The Christmas Kid: And Other Brooklyn Stories
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"Hamill, a master raconteur, mines his own roots in this enchanting new anthology." ---New York Times
Pete Hamill's collected stories about Brooklyn present a New York almost lost but not forgotten. They read like messages from a vanished age, brimming with nostalgia---for the world after the war, the days of the Dodgers and Giants, and even, for some, the years of Prohibition and the Depression.
THE CHRISTMAS KID is vintage Hamill. Set in the borough where he was born and raised, it is a must-read for his many fans, for all who love New York, and for anyone who seeks to understand the world today through the lens of the world that once was.
let three more go by, and felt lost and disconnected when there was no sight of her. The same thing happened the next morning. The following day was a Friday; he told his boss he would be late, and went uptown and waited in front of the Art Students League. Dozens of young women entered the building, and a few young men, but he didn’t see the woman with the aura. At twenty past nine, he started back to the subway. And saw her hurrying around the corner, head bent into the winter wind. “Miss?”
have to think about what was on the other side of the Channel. I dozed and thought about her. I squatted there, and thought about her, I even thought of her as we rose and fell and moved through the waves, and the big guns pounded the shore. They came over a rise and looked down at the broad green sward of the meadow. The parks department had erected metal fences for ballplayers, and Drum hated them. Drum wanted the world to stay the same for all of his life. “I see those fences,” he said, “I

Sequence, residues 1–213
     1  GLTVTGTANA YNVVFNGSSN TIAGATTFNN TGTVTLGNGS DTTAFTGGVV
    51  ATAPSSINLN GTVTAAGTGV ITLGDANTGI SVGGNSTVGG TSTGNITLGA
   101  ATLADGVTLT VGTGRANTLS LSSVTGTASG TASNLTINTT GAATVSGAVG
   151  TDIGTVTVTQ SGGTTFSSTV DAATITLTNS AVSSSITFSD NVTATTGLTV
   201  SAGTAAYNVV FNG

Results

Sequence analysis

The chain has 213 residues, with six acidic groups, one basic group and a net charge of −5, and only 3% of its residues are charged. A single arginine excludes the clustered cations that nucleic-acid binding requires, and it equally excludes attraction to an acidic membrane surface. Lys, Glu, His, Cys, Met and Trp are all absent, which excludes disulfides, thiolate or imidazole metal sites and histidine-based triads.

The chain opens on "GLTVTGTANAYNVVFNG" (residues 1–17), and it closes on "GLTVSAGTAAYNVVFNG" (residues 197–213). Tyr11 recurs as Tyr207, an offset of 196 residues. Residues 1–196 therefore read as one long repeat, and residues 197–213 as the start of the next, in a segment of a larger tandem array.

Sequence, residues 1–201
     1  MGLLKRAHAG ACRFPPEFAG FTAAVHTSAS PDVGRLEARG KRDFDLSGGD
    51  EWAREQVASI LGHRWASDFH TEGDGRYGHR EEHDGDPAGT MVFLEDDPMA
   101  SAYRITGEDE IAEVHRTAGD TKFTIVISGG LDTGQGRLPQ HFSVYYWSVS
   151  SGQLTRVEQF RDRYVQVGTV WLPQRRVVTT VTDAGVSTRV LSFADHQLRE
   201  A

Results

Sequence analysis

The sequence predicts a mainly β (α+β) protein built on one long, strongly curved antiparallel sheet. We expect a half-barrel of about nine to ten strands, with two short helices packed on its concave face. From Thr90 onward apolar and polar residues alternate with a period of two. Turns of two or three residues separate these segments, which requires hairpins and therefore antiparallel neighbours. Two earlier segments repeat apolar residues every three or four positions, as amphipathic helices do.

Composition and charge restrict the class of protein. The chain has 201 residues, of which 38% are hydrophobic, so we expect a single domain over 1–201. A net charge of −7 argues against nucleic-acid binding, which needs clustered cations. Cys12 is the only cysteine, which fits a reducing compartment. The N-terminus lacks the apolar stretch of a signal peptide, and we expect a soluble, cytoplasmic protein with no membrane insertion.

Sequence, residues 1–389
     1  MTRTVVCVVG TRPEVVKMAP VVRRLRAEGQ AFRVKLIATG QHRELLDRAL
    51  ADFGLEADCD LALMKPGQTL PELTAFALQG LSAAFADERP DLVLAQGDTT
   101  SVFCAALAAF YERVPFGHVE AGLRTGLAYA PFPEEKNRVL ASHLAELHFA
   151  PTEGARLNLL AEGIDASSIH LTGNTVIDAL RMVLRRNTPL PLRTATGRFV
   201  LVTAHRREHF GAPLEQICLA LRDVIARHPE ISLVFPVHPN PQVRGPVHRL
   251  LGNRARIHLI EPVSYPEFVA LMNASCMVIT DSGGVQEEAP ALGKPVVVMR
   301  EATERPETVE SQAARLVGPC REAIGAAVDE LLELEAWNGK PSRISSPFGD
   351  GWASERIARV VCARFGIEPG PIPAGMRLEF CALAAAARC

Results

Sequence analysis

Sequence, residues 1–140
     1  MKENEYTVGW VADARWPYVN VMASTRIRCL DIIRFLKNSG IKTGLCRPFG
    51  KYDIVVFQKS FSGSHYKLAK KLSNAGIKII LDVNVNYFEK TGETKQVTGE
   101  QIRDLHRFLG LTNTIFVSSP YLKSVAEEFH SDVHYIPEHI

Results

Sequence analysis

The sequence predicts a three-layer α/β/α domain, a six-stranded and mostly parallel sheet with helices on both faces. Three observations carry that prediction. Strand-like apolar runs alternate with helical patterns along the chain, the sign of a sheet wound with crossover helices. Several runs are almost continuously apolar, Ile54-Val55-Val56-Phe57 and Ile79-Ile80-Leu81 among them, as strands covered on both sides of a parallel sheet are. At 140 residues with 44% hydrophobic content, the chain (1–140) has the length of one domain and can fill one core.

go outside,” Gillis said. “We’ll settle this there.” The red-haired guy was still smiling. “I don’t want a fight, pal,” he said. “I want an apology.” And Cathy said: “Oh, Gillis, stop, don’t ruin everything.” “Outside,” Gillis said. The red-haired guy shrugged, turned to Cathy, and sighed: “Wait here.” Quiñones was there now, trying to calm things down. Gillis remembered that; trying to settle it. But the red-haired guy was walking out the door past the bouncer, peeling off his coat, and then
eliminated choice, it gave his life structure. And so each day he rose precisely at seven, did precisely ten minutes of exercise, spent precisely five minutes in the shower, and took precisely twelve minutes to dress. He walked six blocks to the Purity Diner, and always ordered scrambled eggs and bacon, rye toast, coffee, and orange juice. The subway sometimes gave him problems, because it refused to follow Bondanella’s own careful schedule. But most mornings he was at his desk in the brokerage
Catholic Charities. And the shoes…” “We can’t all be fashion plates,” Devlin said. “And the hair,” Parker said. “You let your hair grow down to your belt, I bet. Like Deanna Durbin.” Devlin said, “What are you? Fred Astaire?” Loftus rubbed the back of his neck and leaned forward on the bar. “Hey, we don’t need this, Jack. You understand? We don’t need this. So Jack, leave the kid alone. And Liam, read your paper.” Parker downed his beer, nodded to Loftus to bring him another, and then stared